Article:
Additional Information:© 2020 The Author(s). This article is licensed under a Creative Commons Attribution 4.0 International License, which permits use, sharing, adaptation, distribution and reproduction in any medium or format, as long as you give appropriate credit to the original author(s) and the source, provide a link to the Creative Commons licence, and indicate if changes were made. The images or other third party material in this article are included in the article's Creative Commons licence, unless indicated otherwise in a credit line to the material. If material is not included in the article's Creative Commons licence and your intended use is not permitted by statutory regulation or exceeds the permitted use, you will need to obtain permission directly from the copyright holder. To view a copy of this licence, visit The Creative Commons Public Domain Dedication waiver ( applies to the data made available in this article, unless otherwise stated in a credit line to the data. Received 04 December 2019; Accepted 25 February 2020; Published 19 March 2020. We thank Richard Murray for connecting us to his Caltech research group, Andrew Halleran for gathering interlaboratory data, Han Wosten for providing us with a sample of Schizophyllum commune, Phil Ross and Kabir Peay for discussions and advice, Jonathan Calles for discussions and editorial advice, Jensina Froland, Eden Grown-Haeberli, and Isaac Justice for help with pilot experiments, Cimeron Morrissey, Pawel Kusmierski, and Lin Feng for providing Pringles™ from Malaysia, Poland, and China, respectively, and Patrick Archie for providing compost from the Stanford Farm. Work supported by Stanford University unrestricted funds (D.E.); a National Science Foundation Graduate Research Fellowship (R.P.); the Stanford Enhancing Diversity in Graduate Education–Science, Technology, Engineering, and Mathematics Doctoral Fellowship Program (R.P.); the National Institute of Standards and Technology Joint Initiative for Metrology in Biology (D.E.); the Department of Systems Biology (F.S. and P.S.); the Wyss Institute for Biologically Inspired Engineering (F.S. and P.S.); the Institute for Collaborative Biotechnologies (U.S. A.R.O. Grant # W911NF-19-D-0001). Contributions: RP and DE conceived of the project, wrote, and edited the manuscript. RP performed the experiments and image and statistical analysis. ML performed pilot and commonly-used biomass experiments. NG, FS, SC, RK performed interlaboratory experiments. NG, FS, SC, RK, KA, PS edited the manuscript. All authors read and approved the final manuscript. Ethics approval and consent to participate: Not applicable. Consent for publication: Not applicable. The authors report no competing interests. Moreover, the work reported here does not reflect any position or policy of any government; no such endorsement should be inferred.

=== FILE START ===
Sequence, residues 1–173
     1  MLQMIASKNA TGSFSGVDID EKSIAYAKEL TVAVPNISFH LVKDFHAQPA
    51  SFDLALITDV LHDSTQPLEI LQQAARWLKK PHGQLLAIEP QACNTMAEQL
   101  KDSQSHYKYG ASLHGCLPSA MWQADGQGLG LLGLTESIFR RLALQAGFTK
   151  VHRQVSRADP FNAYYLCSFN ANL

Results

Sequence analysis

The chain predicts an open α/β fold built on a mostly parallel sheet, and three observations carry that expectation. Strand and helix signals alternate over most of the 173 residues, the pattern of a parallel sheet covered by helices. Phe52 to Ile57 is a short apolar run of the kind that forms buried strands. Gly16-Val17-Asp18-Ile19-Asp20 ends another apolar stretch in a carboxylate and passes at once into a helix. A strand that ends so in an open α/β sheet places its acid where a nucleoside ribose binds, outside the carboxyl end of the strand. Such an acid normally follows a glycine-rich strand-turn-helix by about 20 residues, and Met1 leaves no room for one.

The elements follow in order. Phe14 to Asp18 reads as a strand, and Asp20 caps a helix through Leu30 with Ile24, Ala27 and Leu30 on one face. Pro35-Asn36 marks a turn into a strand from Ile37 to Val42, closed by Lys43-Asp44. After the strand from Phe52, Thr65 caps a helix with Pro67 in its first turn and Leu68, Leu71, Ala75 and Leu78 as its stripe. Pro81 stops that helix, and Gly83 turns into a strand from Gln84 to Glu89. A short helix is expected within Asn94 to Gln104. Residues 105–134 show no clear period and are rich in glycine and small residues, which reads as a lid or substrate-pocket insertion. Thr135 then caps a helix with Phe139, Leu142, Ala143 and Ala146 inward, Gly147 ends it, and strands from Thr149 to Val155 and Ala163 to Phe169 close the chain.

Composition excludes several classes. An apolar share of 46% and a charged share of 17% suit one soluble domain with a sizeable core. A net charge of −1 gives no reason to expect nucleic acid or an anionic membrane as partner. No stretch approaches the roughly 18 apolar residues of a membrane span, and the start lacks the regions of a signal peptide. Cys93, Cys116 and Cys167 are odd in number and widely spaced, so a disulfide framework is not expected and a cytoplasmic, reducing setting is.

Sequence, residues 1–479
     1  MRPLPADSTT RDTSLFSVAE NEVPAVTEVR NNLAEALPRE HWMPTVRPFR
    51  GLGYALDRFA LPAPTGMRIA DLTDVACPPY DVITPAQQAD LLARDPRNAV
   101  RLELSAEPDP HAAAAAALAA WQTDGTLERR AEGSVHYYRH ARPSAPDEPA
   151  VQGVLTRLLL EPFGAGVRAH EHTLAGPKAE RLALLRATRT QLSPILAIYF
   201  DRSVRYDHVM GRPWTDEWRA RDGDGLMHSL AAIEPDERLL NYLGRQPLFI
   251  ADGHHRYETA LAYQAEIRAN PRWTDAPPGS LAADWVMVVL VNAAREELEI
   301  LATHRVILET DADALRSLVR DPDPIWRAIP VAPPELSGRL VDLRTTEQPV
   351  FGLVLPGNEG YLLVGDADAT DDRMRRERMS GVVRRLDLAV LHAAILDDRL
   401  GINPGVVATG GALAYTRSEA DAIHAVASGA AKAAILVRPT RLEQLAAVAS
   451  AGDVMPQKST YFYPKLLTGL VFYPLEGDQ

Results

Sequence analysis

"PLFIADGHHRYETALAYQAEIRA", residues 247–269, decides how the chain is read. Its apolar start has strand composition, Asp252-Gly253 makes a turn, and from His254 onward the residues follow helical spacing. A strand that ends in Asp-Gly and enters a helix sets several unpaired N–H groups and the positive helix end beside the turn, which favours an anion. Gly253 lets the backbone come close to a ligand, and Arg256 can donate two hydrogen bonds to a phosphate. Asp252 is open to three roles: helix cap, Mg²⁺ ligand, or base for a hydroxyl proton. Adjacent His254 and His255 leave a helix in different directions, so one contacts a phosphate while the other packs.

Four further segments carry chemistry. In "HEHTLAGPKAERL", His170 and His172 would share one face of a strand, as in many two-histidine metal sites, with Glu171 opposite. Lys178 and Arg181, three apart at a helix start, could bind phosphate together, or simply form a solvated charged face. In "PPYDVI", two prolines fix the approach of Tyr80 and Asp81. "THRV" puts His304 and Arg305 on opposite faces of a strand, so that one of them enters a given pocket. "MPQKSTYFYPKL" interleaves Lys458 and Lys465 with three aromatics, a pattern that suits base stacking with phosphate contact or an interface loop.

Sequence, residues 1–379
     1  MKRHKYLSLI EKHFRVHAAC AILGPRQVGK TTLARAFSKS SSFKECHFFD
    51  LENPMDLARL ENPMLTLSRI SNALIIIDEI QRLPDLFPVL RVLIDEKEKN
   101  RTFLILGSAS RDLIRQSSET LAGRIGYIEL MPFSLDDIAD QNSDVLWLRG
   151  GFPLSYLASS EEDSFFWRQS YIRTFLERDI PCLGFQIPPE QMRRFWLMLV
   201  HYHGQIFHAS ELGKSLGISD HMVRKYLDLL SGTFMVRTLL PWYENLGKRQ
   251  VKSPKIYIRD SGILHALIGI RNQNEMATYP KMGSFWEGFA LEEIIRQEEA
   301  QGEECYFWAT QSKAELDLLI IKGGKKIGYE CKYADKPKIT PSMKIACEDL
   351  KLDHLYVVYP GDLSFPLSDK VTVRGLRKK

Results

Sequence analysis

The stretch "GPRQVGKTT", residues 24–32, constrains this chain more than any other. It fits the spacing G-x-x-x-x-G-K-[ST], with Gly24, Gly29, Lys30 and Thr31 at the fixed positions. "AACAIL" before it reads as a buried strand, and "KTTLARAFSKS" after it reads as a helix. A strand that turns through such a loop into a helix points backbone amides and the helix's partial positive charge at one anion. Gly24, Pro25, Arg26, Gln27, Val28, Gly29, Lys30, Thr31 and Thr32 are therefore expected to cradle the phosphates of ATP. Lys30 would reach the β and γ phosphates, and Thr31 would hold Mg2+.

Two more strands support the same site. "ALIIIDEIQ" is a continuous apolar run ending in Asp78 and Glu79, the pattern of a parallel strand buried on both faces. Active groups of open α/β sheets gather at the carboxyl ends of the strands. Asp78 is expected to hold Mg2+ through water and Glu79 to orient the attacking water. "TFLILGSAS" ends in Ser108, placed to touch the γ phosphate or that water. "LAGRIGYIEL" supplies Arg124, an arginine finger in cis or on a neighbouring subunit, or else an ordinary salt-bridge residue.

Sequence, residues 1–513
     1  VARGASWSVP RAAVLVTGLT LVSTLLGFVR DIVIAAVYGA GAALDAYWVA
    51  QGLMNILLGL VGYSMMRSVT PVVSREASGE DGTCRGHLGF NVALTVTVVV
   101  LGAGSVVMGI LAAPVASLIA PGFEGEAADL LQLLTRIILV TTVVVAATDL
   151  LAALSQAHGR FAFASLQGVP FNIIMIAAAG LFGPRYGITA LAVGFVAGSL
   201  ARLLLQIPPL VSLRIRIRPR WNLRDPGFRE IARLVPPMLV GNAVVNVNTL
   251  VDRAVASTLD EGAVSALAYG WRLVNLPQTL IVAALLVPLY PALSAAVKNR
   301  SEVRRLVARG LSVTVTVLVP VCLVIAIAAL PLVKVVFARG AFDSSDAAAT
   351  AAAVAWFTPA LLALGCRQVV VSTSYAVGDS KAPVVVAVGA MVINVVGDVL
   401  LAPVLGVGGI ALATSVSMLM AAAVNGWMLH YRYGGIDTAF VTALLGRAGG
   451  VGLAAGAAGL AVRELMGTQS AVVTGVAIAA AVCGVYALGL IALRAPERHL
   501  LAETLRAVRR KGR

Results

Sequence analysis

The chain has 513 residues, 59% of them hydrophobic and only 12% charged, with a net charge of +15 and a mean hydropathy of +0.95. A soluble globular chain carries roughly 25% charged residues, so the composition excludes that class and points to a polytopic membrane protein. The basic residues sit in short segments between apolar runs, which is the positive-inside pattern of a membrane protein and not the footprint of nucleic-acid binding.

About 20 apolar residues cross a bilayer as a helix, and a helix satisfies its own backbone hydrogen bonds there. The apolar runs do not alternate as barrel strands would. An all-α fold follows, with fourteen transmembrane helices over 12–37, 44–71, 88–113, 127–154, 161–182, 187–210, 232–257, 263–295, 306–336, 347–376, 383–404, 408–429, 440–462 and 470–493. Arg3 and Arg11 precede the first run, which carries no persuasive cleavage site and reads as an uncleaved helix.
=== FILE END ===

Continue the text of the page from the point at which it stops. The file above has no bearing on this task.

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Stanford UniversityUNSPECIFIED
NSF Graduate Research FellowshipUNSPECIFIED
National Institute of Standards and Technology (NIST)UNSPECIFIED
Harvard UniversityUNSPECIFIED
Army Research Office (ARO)W911NF-19-D-0001
Subject Keywords:Synthetic biology; Mushrooms; Applied mycology; Biometrology; Literacy; Citizenship
Issue or Number:1
PubMed Central ID:PMC7081594
Record Number:CaltechAUTHORS:20200319-133757917
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Official Citation:Perez, R., Luccioni, M., Kamakaka, R. et al. Enabling community-based metrology for wood-degrading fungi. Fungal Biol Biotechnol 7, 2 (2020).
Usage Policy:No commercial reproduction, distribution, display or performance rights in this work are provided.
ID Code:102003
Deposited By: Tony Diaz
Deposited On:19 Mar 2020 22:05
Last Modified:15 Feb 2022 23:46